My Stage is the World

Oh what a tangled web we weave, when first we practise to deceive

A lesson in politics from the USA

on May 10, 2015

People often say that the UK has more in common with the US than with Europe. This might be true, but when it comes to elections, we couldn’t be more different. In Great Britain we’re lucky if even 50% of people make the effort to vote, but we all complain bitterly if the party we support doesn’t get into power.

This year was one of the highest turnouts we’ve had, yet the result still gave way to violent protests in London the following weekend. Democracy. Does it really work when a nation used to voting on X Factor and Britain’s Got [very little] Talent are allowed to choose a government?

But that’s beside the point.

Because sometimes an election can be fun and on election day myself and a group of #LDNTheatreBloggers (organised by my lovely friend Rebecca Felgate from Official Theatre) headed west to The Eel Brook to see a little something from London Theatre Workshop.

Vote for Me, written by Scott Elegreen and Drew Fornarola, takes us backstage behind the US presidential campaign, revealing the dirty tricks, hidden agenda and corruption behind an election. With musical numbers. Obviously. And audience participation. Who do we want to vote for?

Well, when the show starts I’m not feeling the love for either candidate.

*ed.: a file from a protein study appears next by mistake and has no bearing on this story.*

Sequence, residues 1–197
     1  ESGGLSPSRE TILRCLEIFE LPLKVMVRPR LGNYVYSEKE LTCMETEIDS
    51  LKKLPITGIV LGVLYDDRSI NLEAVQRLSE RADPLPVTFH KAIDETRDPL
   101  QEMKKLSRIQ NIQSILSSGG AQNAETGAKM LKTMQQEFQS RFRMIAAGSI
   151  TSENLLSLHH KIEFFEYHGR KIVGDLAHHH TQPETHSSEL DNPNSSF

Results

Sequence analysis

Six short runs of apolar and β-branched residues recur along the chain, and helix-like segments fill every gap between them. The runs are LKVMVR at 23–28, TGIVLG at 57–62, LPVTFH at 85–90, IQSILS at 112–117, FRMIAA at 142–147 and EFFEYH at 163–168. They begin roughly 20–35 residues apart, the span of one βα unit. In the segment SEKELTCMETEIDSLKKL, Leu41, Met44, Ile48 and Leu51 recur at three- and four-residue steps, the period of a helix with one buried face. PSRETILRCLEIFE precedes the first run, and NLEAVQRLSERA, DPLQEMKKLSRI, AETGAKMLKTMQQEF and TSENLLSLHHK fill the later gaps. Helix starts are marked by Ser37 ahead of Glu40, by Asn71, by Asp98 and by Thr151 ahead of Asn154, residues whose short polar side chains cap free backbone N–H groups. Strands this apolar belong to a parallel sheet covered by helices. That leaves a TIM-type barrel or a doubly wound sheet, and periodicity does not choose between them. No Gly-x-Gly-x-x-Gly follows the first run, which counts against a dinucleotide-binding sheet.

Janet Tilghman (Emily Lynne) is a smart, opinionated woman who seems to be running because she was bullied at school. She’s flustered and rash – too keen on giving her own opinion than really thinking about the nation.

Her opponent “Call me Buddy” Rounsaville (Hans Rye) on the other hand has no real brain and is standing for president because his wife Amy (Jennie Jacobs) wants him to.

Mediating the pair are show host Robyn (Lucy Grainger) and their advisor (Joe Leather) who refuse to take any nonsense from either of them and are the real people running the show.

V4M (1184)

Yet surprisingly this musical is quite something. The audience learn a little bit about American politics, but also have a good laugh at its expense. Some of the policies are ingenious – Janet’s initial answer about war is ‘Bring troops home’ but her real policy is Middle East Disney – complete with showstopping dance number and Minnie Mouse ears. Genius. That alone got her quite a few votes from the audience.


Scandal Tango is another good song and dance number (albeit inspired from Rent), but it is Lucy Grainger who steals the show with her incredible photographic memory, as she lists (in song) each country who has a higher turnout for an election. Even the UK was higher as the US came in 113th place.

When the audience do get to vote, we choose Janet. Perhaps because – like most of the audience – she’s a woman, or perhaps because she seems to want it more. Who knows? Anyway the blue team won (Prophetically?).

This is a very ambitious production – complete with tap numbers, umbrellas, flags, top hats, masks, air horns, voting slips and all sorts – but it works. It’s funny, educational (ish) and the script and music flow very well. Characters are believable (although not one of them is particularly likeable) and the stage itself is impressive.

And I got to pretend to be president.


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